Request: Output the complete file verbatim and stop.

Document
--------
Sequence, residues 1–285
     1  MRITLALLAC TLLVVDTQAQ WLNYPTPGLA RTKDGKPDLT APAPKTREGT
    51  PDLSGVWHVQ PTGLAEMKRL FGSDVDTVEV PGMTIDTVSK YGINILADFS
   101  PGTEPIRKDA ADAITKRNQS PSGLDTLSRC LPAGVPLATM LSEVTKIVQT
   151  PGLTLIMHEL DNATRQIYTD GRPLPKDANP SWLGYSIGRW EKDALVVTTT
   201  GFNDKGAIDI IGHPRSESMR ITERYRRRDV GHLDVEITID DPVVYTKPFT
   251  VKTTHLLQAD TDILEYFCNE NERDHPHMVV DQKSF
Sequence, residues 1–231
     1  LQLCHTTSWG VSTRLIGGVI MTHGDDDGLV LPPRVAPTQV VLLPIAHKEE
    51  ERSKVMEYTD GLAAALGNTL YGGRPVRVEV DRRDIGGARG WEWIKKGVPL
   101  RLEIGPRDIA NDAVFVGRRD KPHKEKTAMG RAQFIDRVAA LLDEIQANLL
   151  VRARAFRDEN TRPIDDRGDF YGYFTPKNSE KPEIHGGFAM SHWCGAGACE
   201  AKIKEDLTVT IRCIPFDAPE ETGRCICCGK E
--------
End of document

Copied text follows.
Sequence, residues 1–285
     1  MRITLALLAC TLLVVDTQAQ WLNYPTPGLA RTKDGKPDLT APAPKTREGT
    51  PDLSGVWHVQ PTGLAEMKRL FGSDVDTVEV PGMTIDTVSK YGINILADFS
   101  PGTEPIRKDA ADAITKRNQS PSGLDTLSRC LPAGVPLATM LSEVTKIVQT
   151  PGLTLIMHEL DNATRQIYTD GRPLPKDANP SWLGYSIGRW EKDALVVTTT
   201  GFNDKGAIDI IGHPRSESMR ITERYRRRDV GHLDVEITID DPVVYTKPFT
   251  VKTTHLLQAD TDILEYFCNE NERDHPHMVV DQKSF
Sequence, residues 1–231
     1  LQLCHTTSWG VSTRLIGGVI MTHGDDDGLV LPPRVAPTQV VLLPIAHKEE
    51  ERSKVMEYTD GLAAALGNTL YGGRPVRVEV DRRDIGGARG WEWIKKGVPL
   101  RLEIGPRDIA NDAVFVGRRD KPHKEKTAMG RAQFIDRVAA LLDEIQANLL
   151  VRARAFRDEN TRPIDDRGDF YGYFTPKNSE KPEIHGGFAM SHWCGAGACE
   201  AKIKEDLTVT IRCIPFDAPE ETGRCICCGK E